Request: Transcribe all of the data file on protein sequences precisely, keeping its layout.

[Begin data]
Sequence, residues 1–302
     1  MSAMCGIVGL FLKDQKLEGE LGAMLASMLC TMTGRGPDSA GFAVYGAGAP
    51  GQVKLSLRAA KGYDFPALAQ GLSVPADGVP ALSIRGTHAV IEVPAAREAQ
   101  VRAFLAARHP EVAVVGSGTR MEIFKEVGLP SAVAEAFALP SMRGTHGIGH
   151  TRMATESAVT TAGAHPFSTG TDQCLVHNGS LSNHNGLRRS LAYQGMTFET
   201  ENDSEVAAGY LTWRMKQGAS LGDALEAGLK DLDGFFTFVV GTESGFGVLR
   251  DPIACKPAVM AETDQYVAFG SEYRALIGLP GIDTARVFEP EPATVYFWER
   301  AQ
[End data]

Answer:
Sequence, residues 1–302
     1  MSAMCGIVGL FLKDQKLEGE LGAMLASMLC TMTGRGPDSA GFAVYGAGAP
    51  GQVKLSLRAA KGYDFPALAQ GLSVPADGVP ALSIRGTHAV IEVPAAREAQ
   101  VRAFLAARHP EVAVVGSGTR MEIFKEVGLP SAVAEAFALP SMRGTHGIGH
   151  TRMATESAVT TAGAHPFSTG TDQCLVHNGS LSNHNGLRRS LAYQGMTFET
   201  ENDSEVAAGY LTWRMKQGAS LGDALEAGLK DLDGFFTFVV GTESGFGVLR
   251  DPIACKPAVM AETDQYVAFG SEYRALIGLP GIDTARVFEP EPATVYFWER
   301  AQ